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Gauge Your Cybersecurity Risk Level

January 25, 2021

According to a recent study, data breaches cost US companies an average of $8.64 million last year. The average time it takes to identify and contain a breach is 280 days. That’s a huge chunk of time devoted to damage control for what is most often a preventable crisis—and there are other crises to deal with.

Here are five key questions CIOs can use to gauge their cybersecurity risk level.

Question 1: Is your executive leadership informed about your cybersecurity risk level?

Cybersecurity is about managing risk. A breach can have dire consequences, which makes managing cybersecurity risk a critical part of an organization’s governance, risk management and business continuity framework. Early response actions can limit or even prevent possible damage. Accordingly, timely reporting to leadership should be built in to the strategic framework for managing the enterprise. The CEO, CIO, business leaders, continuity planners, system operators, general counsel and public affairs should be part of the chain of communications.

Question 2: What is our exposure to cyber risk, the potential impact of a breach and our plan for addressing both?

Identifying critical assets and associated impacts from cyber threats is critical to understanding your specific risk exposure, whether financial, competitive, reputational or regulatory. Risk assessment results are key to identifying and prioritizing specific protective measures, allocating resources, informing long-term investments and developing policies and strategies to manage cyber risks to an acceptable level.

Question 3: How does our cybersecurity program apply industry standards and best practices?

A comprehensive cybersecurity program leverages industry standards and best practices to protect systems, detect potential problems and enable timely response and recovery. Compliance requirements help to establish a good cybersecurity baseline to address known vulnerabilities, but do not adequately address new and dynamic threats, or address sophisticated adversaries. Using a risk-based approach to apply cybersecurity standards and practices allows for more comprehensive and cost-effective management of cyber risks than compliance activities alone.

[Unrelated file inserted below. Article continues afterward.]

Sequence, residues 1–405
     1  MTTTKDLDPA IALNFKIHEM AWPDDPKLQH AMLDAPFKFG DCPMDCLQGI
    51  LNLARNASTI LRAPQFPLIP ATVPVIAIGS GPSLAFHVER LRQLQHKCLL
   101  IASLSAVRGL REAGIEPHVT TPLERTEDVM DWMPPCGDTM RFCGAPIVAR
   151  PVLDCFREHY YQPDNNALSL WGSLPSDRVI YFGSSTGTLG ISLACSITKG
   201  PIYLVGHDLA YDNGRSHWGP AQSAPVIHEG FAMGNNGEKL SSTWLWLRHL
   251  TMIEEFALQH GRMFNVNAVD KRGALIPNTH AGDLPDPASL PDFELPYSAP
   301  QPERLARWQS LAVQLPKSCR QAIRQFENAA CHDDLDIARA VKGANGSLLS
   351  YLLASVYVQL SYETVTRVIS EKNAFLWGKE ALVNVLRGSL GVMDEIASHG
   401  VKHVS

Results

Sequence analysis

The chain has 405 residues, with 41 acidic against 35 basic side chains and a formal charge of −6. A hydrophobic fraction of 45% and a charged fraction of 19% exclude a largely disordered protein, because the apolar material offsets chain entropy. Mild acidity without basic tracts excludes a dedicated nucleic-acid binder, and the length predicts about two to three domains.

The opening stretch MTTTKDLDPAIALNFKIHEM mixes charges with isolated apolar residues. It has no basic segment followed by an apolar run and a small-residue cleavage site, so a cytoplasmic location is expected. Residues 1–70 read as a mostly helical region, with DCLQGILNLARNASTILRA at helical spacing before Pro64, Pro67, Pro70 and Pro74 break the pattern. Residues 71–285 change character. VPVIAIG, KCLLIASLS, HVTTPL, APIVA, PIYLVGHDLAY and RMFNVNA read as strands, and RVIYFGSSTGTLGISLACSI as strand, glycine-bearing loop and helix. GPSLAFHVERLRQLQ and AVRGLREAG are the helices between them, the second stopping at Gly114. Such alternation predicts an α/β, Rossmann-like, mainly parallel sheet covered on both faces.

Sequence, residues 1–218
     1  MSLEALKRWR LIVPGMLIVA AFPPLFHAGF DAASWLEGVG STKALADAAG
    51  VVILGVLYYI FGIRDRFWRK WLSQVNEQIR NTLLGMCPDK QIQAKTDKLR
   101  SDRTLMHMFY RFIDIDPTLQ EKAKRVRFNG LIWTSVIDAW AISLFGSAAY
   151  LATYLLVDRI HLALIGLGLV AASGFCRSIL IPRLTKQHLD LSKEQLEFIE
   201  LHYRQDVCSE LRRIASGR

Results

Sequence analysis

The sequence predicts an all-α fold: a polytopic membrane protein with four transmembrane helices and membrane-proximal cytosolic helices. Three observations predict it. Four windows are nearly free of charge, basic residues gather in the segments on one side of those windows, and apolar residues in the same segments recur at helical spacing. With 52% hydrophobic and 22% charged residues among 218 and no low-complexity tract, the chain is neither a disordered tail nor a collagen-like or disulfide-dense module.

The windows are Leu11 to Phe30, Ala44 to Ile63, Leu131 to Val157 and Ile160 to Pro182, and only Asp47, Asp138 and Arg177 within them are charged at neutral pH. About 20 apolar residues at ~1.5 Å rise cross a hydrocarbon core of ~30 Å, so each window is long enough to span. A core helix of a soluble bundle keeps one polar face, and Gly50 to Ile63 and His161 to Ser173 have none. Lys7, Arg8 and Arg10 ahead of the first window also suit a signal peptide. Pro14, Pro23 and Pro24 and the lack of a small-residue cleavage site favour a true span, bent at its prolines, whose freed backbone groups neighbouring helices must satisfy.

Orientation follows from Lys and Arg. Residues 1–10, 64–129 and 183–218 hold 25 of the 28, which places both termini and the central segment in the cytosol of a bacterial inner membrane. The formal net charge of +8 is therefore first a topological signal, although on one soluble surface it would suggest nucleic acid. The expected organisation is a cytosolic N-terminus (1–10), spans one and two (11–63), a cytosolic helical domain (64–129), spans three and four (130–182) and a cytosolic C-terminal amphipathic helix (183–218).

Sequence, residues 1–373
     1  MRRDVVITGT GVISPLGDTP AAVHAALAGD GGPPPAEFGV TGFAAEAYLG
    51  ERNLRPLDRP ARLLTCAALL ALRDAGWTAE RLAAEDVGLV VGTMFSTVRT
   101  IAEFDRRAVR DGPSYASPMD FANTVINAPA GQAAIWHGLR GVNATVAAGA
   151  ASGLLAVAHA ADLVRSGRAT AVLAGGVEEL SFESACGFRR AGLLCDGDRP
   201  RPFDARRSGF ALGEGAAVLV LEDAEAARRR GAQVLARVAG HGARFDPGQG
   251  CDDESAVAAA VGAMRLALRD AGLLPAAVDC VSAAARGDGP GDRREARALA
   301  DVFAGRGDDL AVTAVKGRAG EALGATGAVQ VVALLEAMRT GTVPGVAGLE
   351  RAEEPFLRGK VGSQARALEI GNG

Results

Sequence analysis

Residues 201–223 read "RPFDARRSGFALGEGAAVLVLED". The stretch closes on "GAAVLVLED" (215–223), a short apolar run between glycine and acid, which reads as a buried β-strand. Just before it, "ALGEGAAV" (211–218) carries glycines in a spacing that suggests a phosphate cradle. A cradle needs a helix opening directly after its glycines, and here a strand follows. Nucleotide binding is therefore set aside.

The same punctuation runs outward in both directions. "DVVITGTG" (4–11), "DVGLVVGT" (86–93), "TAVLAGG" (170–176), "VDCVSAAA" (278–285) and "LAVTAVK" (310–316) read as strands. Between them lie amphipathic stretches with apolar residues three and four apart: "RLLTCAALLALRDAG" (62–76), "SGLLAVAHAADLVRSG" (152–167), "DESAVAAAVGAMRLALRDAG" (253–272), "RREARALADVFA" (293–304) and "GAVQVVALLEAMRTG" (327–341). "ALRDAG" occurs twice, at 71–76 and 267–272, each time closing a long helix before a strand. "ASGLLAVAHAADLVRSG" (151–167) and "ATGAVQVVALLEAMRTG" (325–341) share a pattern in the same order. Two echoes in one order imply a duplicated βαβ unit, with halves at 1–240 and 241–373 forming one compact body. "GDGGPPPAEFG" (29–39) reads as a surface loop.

Question 4: How many cyber incidents is normal for us? At what point is executive leadership informed?

Executive engagement in defining the risk strategy and levels of acceptable cyber risk enables close alignment with the business needs of the organization. Regular communication between leaders and those held accountable for managing cyber risks provides awareness of current threats, security gaps and associated business impact. Analyzing, aggregating and integrating risk data from various sources and participating in threat information sharing with partners helps organizations identify and respond to incidents quickly and ensure protective efforts are commensurate with risk.

A good way to establish updated security protocols is to have an assessment of your network. An IT Risk Assessment can show you where you stand and provide insights to a solid plan of action.

Question 5: How comprehensive is our cyber incident response plan? How often is it tested?

Even a well-defended organization will experience a cyber incident at some point. When network defenses are penetrated, the leadership group should be prepared with a Plan B. Documented cyber incident response plans that are exercised regularly help to enable timely response and minimize impacts.

How does your organization’s cybersecurity program measure up? An easy way to find out is through our IT Risk Assessment. For $1,000, we can get you started on a path to a more secure network.
Interested? Learn more or contact us today.

All content provided in this article is for informational purposes only. Matters discussed in this article are subject to change. For up-to-date information on this subject please contact a Clark Schaefer Hackett professional. Clark Schaefer Hackett will not be held responsible for any claim, loss, damage or inconvenience caused as a result of any information within these pages or any information accessed through this site.

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